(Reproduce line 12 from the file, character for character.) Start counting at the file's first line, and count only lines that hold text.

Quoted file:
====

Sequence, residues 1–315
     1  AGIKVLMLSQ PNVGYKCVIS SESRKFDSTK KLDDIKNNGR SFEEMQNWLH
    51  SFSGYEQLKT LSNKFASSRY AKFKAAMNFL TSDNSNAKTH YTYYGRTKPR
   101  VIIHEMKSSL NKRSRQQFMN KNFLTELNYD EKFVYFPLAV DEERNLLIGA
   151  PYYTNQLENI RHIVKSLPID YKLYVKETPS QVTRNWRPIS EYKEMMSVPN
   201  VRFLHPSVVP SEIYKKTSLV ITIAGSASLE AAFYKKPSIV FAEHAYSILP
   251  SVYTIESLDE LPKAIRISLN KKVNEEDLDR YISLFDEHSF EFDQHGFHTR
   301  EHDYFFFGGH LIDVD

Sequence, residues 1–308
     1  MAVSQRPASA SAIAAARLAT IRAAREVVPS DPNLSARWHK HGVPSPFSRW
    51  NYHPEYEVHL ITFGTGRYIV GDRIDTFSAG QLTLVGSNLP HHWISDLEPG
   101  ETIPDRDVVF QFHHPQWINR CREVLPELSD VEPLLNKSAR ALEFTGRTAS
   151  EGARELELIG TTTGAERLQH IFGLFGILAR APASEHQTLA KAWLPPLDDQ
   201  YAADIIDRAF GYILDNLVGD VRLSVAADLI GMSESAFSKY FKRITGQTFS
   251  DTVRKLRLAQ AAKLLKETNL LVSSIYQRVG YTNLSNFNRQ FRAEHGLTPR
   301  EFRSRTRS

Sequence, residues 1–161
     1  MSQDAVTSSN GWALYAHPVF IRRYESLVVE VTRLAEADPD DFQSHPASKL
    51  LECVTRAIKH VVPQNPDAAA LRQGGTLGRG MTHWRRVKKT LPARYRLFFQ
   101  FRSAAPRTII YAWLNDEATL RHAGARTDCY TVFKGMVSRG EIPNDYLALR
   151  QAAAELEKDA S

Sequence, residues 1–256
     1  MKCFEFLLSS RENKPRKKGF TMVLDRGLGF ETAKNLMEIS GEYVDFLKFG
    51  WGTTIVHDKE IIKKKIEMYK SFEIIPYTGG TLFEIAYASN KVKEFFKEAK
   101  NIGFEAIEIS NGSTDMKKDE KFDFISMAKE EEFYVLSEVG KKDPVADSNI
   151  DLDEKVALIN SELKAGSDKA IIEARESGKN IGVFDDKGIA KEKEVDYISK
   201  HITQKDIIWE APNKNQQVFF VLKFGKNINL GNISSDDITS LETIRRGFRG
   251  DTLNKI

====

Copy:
   101  ETIPDRDVVF QFHHPQWINR CREVLPELSD VEPLLNKSAR ALEFTGRTAS